Paralleling such perplexities, neuroscientists observing the brain ‘in action’ discovered that it fragments the sights and sounds of every transient moment into a myriad of separate components, with no compensatory mechanism that would reintegrate them together into that personal experience of being at the centre of a coherent, ever-changing world.
Meanwhile, the greatest conundrum of all remained unresolved – how the monotonous electrical activity of those billions of neurons the brain becomes the limitless range and quality of subjective experiences of our everyday lives – where every fleeting moment has its own distinct unique intangible feel: whether cadences of a Bach cantata are so utterly different from the lingering memory of that first kiss.
The implications are clear enough while theoretically it might be possible for neuroscientists to know everything about the physical structure of the brain, its ‘product’ the mind with its thoughts and ideas, impressions and emotions, would still remain unaccounted for. “We seem as far from understanding the brain as we were a century ago,” remarked the editor of Nature John Maddox. “Nobody understands how decisions are made or how imagination is set free.”
These twin setbacks to the scientific enterprise might, at any other time, have been relegated to the category of problems for which science does not, as yet, have the answer. But when cosmologists can reliably infer what happened in the first few minutes of the birth of the universe, and geologists can measure the movements of vast continents to the nearest centimetre then the inscrutability of the genetic instruction that should distinguish worm from mouse, man from fly, and the failure to explain something as elementary as what constitutes a thought suggests we are in some way profounder and more complex than the physical world to which we belong.
“There is a powerful impression,” writes James Le Fanu, “that science has been looking in the wrong place, seeking to resolve questions that somehow lie outside its domain. It is not just a matter of not knowing all the facts but rather a sense that something of great importance is ‘missing’, that might conjure the richness of the human experience from the bare bones of our genes and brains.”
We are, argues James Le Fanu, on the brink of a major intellectual shift – comparable perhaps to that of Galileo’s liberation of astronomy from an earth centred cosmos. We are compelled by the recent findings of genetics to recognise the deep inscrutability of the near infinite variety of forms of the living world. Again we are led through the recent findings of the neurosciences to recognise the insuperable gap that separates the working of the brain’s neuronal circuits from the powers of perception, reason and imagination of our extraordinary minds. Certainly, for the foreseeable future, there seems no need to defer to those who would appropriate our sense of wonder at the glorious panoply of nature by their claims to understand it. Rather, every aspect of the living world from a humble fly to ourselves now seems once again infused with that deep sense of mystery of ‘how can these things be?’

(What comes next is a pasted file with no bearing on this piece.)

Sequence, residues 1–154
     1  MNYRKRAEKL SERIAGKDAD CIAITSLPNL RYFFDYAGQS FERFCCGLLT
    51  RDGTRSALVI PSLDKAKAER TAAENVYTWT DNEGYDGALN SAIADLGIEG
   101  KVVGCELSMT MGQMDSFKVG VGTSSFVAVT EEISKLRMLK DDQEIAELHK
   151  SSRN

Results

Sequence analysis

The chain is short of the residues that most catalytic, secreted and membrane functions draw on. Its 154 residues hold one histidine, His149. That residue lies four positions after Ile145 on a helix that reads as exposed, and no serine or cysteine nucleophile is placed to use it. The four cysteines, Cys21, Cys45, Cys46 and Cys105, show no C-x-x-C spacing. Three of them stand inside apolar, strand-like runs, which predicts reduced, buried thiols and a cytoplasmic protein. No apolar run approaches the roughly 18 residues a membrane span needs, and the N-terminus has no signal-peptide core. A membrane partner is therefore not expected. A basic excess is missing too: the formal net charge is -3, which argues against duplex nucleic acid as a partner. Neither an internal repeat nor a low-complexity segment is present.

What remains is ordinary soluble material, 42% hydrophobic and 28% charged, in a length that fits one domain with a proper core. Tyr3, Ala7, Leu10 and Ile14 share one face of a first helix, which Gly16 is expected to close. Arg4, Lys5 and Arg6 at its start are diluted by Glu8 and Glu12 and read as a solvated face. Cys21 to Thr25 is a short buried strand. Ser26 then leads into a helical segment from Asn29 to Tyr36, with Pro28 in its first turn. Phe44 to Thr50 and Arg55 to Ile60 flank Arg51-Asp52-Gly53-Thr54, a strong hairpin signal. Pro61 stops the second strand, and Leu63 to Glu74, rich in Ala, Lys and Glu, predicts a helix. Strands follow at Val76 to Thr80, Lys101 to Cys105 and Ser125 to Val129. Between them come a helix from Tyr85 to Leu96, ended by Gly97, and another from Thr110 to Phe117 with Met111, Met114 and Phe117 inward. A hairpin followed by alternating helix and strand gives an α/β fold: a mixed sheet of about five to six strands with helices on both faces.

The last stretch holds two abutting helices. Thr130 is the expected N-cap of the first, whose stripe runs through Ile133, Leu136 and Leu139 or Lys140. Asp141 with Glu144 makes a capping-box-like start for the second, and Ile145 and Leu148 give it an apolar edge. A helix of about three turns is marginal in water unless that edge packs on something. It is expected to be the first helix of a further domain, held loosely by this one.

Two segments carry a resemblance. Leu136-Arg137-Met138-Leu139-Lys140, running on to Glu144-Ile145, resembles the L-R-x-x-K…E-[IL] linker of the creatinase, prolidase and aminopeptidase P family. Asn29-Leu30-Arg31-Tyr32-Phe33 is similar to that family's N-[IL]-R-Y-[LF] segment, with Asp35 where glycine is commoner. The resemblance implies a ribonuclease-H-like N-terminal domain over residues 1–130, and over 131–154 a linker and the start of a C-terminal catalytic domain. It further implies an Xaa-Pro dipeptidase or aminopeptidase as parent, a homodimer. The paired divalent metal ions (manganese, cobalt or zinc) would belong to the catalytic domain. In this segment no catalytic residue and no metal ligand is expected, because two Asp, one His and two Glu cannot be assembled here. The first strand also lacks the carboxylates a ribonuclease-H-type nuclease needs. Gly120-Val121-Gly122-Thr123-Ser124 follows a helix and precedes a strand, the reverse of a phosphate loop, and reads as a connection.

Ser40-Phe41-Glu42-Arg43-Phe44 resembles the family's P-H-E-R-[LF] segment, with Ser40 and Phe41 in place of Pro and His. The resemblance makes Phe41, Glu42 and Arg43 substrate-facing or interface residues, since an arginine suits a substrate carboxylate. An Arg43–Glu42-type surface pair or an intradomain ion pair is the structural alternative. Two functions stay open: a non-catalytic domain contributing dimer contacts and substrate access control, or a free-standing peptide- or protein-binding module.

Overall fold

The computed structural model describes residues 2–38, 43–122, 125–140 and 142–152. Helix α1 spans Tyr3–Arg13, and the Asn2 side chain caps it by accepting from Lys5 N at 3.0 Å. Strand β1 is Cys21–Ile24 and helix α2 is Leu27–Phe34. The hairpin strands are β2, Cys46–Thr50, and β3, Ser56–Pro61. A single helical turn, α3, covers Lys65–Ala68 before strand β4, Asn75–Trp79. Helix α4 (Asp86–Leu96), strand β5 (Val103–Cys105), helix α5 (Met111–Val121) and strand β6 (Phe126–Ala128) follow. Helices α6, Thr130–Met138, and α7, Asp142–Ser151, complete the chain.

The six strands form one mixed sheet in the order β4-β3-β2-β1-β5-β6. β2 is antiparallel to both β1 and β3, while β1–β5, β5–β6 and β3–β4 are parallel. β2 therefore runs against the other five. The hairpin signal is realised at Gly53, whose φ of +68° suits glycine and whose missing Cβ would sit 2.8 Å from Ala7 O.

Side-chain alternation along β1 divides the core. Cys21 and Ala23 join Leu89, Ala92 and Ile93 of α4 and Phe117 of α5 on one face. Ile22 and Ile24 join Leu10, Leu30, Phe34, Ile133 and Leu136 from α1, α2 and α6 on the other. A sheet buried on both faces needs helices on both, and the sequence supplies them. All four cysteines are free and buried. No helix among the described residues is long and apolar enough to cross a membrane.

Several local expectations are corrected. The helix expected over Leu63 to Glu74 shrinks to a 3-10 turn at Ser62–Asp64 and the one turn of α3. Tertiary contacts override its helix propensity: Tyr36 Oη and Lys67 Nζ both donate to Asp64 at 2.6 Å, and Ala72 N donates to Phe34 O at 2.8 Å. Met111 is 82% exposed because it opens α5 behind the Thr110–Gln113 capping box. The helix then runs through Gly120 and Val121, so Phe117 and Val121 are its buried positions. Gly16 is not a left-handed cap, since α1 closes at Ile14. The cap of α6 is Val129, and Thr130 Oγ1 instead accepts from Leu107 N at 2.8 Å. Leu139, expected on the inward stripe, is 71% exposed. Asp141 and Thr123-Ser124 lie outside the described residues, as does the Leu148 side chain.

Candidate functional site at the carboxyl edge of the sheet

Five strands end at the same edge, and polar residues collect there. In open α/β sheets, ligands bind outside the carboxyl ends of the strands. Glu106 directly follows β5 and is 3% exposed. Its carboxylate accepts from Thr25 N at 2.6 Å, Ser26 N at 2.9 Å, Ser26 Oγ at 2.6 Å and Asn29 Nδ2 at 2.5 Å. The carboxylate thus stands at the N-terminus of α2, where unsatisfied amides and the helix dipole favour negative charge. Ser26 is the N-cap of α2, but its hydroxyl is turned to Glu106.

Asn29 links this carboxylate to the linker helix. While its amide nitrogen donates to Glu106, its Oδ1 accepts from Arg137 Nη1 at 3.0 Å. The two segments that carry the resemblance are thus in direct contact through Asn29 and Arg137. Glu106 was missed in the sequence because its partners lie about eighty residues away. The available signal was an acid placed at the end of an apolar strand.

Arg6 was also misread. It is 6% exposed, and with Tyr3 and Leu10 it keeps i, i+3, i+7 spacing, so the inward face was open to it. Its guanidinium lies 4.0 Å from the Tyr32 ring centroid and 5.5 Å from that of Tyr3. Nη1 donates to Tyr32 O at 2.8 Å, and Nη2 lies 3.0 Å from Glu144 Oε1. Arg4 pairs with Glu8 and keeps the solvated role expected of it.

The Rise and Fall of Modern Medicine [EPUB]
25 July 2015, 10:16
2012 | EPUB | 1.74MB
The Rise and Fall of Modern Medicine investigates a baffling contemporary paradox. The medical achievements of the post-war years rank as one of the supreme epochs of human endeavour. It is now almost impossible to imagine the world of sixty years ago when children still died from polio and diphtheria; when there were no drugs for treatment of Parkinson’s, rheumatoid arthritis or schizophrenia; and when open-heart surgery, kidney transplants and test-tube babies were unrealisable fantasies.
Yet despite this exemplary vindication of the power of science, the future of medicine is dark and uncertain, its practitioners no longer sustained by the sense of optimism of earlier decades. Meanwhile the public are encouraged quite wrongly to believe their everyday lives are full of hidden hazards and the escalating costs of medical care undermine the ideal of a universal and equitable treatment for all.
The answer to this paradox, James Le Fanu argues, lies in the changing fortunes of the intellectual forces that created the post-war medical achievement –clinical science, technology and pharmaceutical innovation. He describes the people and events of medicine’s ‘Golden Age’ of the three decades following the end of the Second World War during which virtually all the most significant medical developments occurred. And then, for complex reasons, medicine’s apparently relentless march of progress confronted a seemingly insuperable barrier to further advance. This created an intellectual vacuum rapidly filled by two powerful and radical ideas: The Social Theory that proposes the cause of most common illnesses lies simply in people’s social habits; and The New Genetics which promises to explain disease at its most fundamental level of the genes strung out along the Double Helix. These theories are certainly plausible and still dominate medical research – but their promises remain unfulfilled. Meanwhile the last great problem confronting medicine, the causes of common diseases, remain unresolved.
The Rise and Fall of Modern Medicine is a riveting human drama in which the virtues of imagination and perseverance give way to the vices of hubris and self deception. It illustrates both the power of the scientific method in pushing forward the boundaries of knowledge, but also the constraints imposed by the inscrutable mysteries of biology.